What is the most common form of cancer in the United States?
If you guessed skin cancer, you’re correct.
With over five million cases diagnosed each year, skin cancer impacts more Americans than all other forms of cancer combined. A whopping one out of every five of us — that’s more than 5,000 Scott Countians — will be diagnosed with skin cancer by the age of 70. Yet, it remains one of the least-discussed forms of cancer — perhaps because many of the cases are relatively minor, perhaps because most Americans feel it can’t happen to them. But it’s not always minor — it can be deadly, in fact. The Skin Cancer Foundation estimates that someone dies of melanoma every hour. And the two most common types of non-melanoma skin cancer — basal cell carcinoma and squamous cell carcinoma — will kill more than 18,000 Americans this year alone.
With spring quickly turning into summer and millions of Americans exposing themselves to the sun and tanning beds, May is designated as Skin Cancer Awareness Month in an effort to educate Americans on the risks of skin cancer.
Almost Always Preventable
Skin cancer may be common, but it’s also preventable in almost every instance. The single biggest risk factor? The sun.
A whopping 90 percent of non-melanoma skin cancers are caused by exposure to UV radiation, and even 65 to 85 percent of melanomas are caused by UV radiation.
Yet, many Americans continue to head outside without considering the risks of exposure to the sun. That’s why more than 58 million Americans have actinic keratosis — the most common precancer of the skin. It’s perhaps also why skin cancer cases continue to increase. Between 1994 and 2014, in fact, the number of non-melanoma skin cancers in the U.S. increased by 77 percent. Since 2008 alone, the number of melanoma cases has increased by 53 percent. And more than 175,000 cases will be diagnosed this year, with more than half of them invasive — meaning they’ve already penetrated into the skin’s second layer.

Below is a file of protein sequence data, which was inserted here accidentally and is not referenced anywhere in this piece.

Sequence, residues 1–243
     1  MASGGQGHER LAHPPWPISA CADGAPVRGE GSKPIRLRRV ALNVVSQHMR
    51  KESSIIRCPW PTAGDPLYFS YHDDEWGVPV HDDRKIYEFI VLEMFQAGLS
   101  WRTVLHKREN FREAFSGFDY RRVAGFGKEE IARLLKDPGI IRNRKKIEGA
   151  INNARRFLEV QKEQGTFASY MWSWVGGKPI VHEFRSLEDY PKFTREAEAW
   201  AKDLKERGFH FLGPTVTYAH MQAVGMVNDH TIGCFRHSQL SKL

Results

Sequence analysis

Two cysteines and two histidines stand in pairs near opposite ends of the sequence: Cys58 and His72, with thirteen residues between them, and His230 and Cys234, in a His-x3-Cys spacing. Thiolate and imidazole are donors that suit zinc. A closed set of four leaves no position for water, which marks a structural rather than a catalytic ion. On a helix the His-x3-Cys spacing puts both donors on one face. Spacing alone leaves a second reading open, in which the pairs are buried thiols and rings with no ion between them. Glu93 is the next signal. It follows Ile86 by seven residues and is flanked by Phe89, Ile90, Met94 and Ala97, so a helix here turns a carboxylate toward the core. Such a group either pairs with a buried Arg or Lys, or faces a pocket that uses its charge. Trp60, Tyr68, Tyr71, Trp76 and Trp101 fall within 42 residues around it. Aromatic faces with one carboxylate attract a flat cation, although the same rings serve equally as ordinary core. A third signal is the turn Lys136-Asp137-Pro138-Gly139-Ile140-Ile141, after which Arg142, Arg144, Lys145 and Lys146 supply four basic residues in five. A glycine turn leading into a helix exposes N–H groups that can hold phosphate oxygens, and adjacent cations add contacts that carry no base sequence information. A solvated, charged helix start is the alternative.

Nearly 10,000 Americans will die of melanoma in 2019, about two thirds of which will be men. While the five-year survival rate for melanoma — which is the deadliest form of skin cancer because of its propensity for spreading — is about 99 percent when the disease is detected early, it falls rapidly once the cancer begins to spread. Once it reaches the lymph nodes, melanoma’s five-year survival rate drops to 63 percent. And once it metastasizes to distant organs, the survival rate is a dismal 20 percent.
Just how dangerous is the sun? Consider this: While tanned skin may be considered attractive in Western culture, tanned skin is actually damaged skin. Experts say that skin tans as UV radiation causes damage to cell structure, which can lead to premature aging such as wrinkles and skin cancer. Sunburns are even more dangerous than tans. In fact, it is estimated that a person’s risk for melanoma doubles if he or she has had more than five sunburns. And it isn’t just older people who have to worry. If someone sustains five or more sunburns in their youth, their lifetime risk for melanoma increases by 80 percent.
So what can you do to protect yourself from the sun? Always use a sunscreen product if you’re going to be outside for more than a few minutes. The ingredients within the sunscreen help prevent the sun’s UV radiation from reaching the skin, preventing the damage that would otherwise be caused.